Clear The Air News Tobacco Blog Rotating Header Image

Licensing Smokers A Healthy Option

The Courier Mail – July 7, 2008 – Professor Simon Chapman

You need a licence to drive. A licence to buy a gun. You can’t legally go fishing without a licence, or own a dog. But smoking?

Provided you are over 18 you can buy as many cigarettes as you like – no questions asked. Why not license smokers?

After all, doctors issue tens of thousands of temporary licences every day in the form of prescriptions to allow us to access drugs that can save lives and improve health.

Critics scoff at the idea, arguing that there would be too many difficulties in policing it, or that an underground market for cigarettes would develop.

Given that obtaining a licence for other activities is so straightforward, these arguments hold little weight.

Introducing a smoker-licensing scheme could be readily managed by allowing all current adult smokers over the age of 18 to acquire a permit. To be eligible, smokers would need to have their doctor affirm that they are smokers and then apply for a photo ID swipecard.

Any new smokers wanting a licence after the scheme’s starting date would be required to take a test, proving they fully understood the many health risks of smoking.

ID cards could be swiped at stores to limit the number of cigarette packs that could be bought at a time. Two packs a day maximum, say. This would help to minimise a blackmarket of cigarettes being sold on to unlicensed or under-age smokers.

And, just as for a driving licence, smokers would need to renew their commitment to smoking every five years. Or, if a smoker successfully quit they could permanently surrender their licence and be offered a full refund of their licensing fee, another incentive to quit. Tourists could show their passports and return tickets and be allowed to buy.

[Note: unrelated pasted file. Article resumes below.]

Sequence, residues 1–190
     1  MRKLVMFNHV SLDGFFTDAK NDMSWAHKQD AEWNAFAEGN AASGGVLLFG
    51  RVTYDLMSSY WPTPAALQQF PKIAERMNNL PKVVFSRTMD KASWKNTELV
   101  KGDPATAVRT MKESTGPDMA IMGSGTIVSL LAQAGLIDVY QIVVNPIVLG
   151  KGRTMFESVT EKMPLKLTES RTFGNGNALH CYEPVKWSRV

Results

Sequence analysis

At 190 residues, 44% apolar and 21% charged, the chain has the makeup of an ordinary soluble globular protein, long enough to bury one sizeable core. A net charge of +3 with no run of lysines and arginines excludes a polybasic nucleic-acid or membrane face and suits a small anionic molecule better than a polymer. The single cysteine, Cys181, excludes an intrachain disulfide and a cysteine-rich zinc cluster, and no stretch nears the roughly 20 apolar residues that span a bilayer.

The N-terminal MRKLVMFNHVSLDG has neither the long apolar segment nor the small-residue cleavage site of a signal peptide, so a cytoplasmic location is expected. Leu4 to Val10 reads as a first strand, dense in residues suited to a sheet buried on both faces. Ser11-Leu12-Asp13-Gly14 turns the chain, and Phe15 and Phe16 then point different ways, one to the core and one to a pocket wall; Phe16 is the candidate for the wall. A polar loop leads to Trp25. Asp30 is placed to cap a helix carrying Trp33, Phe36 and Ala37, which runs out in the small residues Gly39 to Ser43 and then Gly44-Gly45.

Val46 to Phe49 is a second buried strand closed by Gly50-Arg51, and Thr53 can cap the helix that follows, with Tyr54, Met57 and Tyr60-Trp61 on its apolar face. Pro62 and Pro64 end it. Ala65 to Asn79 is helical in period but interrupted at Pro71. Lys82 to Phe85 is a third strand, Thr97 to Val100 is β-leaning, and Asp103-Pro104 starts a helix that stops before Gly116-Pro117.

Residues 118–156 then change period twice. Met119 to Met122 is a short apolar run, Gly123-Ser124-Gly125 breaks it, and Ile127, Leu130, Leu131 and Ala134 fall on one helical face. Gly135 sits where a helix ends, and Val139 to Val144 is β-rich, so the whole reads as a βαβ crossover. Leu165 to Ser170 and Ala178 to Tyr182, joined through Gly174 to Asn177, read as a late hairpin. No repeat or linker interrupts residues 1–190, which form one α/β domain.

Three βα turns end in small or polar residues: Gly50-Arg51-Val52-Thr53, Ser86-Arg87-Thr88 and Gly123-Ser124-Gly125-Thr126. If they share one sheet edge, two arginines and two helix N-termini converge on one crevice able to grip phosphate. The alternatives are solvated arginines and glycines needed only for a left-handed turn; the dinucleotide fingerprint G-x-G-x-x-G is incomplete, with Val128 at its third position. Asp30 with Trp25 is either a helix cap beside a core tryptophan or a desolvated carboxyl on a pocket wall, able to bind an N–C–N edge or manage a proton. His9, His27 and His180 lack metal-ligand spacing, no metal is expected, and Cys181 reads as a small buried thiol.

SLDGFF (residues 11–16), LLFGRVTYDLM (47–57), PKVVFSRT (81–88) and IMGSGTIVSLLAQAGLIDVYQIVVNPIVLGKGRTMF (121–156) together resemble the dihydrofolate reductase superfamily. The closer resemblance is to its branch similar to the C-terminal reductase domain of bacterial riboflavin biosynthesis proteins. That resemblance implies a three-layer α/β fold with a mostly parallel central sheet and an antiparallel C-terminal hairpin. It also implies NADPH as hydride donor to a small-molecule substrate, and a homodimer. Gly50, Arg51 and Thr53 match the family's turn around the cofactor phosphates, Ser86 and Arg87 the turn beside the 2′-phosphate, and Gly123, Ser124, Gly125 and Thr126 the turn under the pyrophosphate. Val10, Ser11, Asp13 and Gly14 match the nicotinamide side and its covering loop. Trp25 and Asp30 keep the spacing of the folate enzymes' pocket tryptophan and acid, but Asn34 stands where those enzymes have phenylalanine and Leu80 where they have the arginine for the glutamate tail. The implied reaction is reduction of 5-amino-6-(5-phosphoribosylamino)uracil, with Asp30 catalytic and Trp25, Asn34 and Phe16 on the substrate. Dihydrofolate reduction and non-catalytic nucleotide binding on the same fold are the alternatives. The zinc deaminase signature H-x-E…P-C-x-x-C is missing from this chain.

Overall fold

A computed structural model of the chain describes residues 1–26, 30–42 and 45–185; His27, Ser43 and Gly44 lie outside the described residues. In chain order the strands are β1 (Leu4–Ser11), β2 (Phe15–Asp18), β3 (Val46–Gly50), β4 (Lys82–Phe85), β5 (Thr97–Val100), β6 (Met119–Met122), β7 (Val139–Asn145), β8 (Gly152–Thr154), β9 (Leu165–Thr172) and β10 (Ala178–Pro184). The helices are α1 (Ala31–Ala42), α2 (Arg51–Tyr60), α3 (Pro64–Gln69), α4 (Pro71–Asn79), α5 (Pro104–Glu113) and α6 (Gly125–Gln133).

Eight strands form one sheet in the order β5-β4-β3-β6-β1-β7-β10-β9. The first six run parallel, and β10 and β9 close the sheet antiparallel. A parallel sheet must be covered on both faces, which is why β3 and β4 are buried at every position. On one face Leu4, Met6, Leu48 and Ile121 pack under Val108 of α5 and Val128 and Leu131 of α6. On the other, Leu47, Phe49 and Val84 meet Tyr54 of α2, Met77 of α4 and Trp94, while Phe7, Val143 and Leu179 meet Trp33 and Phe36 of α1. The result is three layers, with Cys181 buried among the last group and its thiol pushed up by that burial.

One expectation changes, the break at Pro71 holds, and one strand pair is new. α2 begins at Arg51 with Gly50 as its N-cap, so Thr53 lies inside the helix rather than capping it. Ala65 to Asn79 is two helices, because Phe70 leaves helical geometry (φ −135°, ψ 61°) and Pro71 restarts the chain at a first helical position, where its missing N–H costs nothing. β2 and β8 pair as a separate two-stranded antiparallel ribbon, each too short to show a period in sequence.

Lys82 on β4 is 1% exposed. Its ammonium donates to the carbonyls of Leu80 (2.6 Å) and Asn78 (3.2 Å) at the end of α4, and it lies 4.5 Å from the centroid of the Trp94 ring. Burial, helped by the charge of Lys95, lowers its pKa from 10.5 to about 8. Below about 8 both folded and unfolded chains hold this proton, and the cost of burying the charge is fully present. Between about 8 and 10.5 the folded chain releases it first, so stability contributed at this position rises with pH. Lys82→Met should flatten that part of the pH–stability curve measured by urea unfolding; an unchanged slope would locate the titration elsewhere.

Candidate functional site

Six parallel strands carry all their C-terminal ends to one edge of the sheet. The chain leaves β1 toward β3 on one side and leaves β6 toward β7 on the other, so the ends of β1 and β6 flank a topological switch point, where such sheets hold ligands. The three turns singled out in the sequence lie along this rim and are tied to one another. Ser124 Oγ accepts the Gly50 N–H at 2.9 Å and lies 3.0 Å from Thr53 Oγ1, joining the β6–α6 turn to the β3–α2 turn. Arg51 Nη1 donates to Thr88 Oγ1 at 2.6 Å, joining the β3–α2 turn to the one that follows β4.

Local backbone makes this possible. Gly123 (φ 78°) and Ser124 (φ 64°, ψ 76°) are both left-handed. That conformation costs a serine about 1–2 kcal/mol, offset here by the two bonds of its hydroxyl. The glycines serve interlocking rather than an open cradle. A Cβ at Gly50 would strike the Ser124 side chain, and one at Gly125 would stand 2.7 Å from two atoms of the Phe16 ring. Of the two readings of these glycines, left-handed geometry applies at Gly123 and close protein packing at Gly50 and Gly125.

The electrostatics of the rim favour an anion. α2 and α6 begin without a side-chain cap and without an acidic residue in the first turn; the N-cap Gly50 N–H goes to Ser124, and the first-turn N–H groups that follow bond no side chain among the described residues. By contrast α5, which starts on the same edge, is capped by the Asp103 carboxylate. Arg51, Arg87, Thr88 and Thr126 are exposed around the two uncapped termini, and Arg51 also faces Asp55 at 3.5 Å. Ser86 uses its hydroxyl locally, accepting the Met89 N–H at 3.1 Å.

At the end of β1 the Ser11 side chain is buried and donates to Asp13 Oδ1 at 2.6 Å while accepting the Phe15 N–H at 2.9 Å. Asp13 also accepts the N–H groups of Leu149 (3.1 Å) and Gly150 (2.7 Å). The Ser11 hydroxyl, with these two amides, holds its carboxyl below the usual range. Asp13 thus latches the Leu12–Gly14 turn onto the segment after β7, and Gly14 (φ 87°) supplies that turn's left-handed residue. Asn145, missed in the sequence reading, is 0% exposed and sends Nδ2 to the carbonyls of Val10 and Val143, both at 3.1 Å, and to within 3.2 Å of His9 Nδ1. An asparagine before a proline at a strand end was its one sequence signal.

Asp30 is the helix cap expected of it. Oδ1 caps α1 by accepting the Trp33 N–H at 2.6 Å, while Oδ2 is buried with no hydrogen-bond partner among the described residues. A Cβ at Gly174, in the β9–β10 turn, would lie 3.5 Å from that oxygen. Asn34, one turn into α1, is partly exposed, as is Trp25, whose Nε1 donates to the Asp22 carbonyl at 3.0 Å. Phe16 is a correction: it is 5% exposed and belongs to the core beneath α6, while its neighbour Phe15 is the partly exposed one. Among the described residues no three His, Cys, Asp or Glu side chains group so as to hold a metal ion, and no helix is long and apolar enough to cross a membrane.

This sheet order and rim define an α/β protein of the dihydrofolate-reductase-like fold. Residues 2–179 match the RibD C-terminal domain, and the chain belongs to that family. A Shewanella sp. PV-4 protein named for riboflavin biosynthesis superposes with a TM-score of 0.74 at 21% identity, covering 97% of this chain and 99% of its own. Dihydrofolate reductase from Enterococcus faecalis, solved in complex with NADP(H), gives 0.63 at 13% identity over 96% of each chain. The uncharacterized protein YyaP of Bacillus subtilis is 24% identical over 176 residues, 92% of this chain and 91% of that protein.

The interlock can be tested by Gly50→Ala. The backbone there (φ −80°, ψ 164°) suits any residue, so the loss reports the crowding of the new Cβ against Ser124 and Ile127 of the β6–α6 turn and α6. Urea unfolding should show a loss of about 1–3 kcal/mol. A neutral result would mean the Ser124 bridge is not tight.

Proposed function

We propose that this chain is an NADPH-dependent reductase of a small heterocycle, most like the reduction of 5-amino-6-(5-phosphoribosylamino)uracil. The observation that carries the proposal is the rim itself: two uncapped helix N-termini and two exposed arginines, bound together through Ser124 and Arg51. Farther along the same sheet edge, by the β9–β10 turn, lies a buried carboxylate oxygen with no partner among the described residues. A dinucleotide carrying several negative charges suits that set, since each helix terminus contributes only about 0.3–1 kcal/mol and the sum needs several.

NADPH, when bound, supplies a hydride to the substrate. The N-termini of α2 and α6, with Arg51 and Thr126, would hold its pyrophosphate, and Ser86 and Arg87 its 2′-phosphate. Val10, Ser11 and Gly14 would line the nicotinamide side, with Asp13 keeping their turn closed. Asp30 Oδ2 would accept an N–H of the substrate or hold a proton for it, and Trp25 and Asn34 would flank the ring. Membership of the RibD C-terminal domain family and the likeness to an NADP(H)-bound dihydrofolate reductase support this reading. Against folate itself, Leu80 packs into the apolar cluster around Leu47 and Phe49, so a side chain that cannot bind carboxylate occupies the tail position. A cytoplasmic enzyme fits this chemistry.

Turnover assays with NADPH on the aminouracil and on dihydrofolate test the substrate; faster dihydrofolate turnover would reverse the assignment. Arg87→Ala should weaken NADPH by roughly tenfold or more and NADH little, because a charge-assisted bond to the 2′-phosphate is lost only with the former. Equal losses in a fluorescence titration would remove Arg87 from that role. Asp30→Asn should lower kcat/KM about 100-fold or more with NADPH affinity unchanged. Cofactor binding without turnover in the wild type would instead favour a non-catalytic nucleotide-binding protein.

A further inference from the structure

Most smokers want to quit. Nearly all regret starting. As part of the licensing scheme, smokers could have the option to sign on to receive Quit smoking information or be regularly contacted by Quit counsellors. This support would be directly funded by the licensing scheme and quash concerns that it is nothing more than another cash cow for the government.

Smoker licensing could first be trialled in an interested remote or small community. Evaluating and altering the scheme as necessary before rolling it out nationally just makes good sense. Critics could rest easy knowing a failed trial will make little difference to most smokers.

Smoking kills some 15,000 Australians every year, half in middle age. Compare this with the annual road toll of 1600 deaths.

We license drivers because we recognise that safe driving requires skills and experience. Licensing smokers is a way of ensuring that all smokers have a competent level of knowledge about the wide range of potentially fatal health effects. Licensing smokers is just one more way of reducing the tremendous health and social burden of tobacco use.

Even tobacco companies should love the idea because no one could sue, saying they didn’t know the risks they were taking: they would have passed the test.

Leave a Reply

Your email address will not be published. Required fields are marked *

You may use these HTML tags and attributes: <a href="" title=""> <abbr title=""> <acronym title=""> <b> <blockquote cite=""> <cite> <code> <del datetime=""> <em> <i> <q cite=""> <s> <strike> <strong>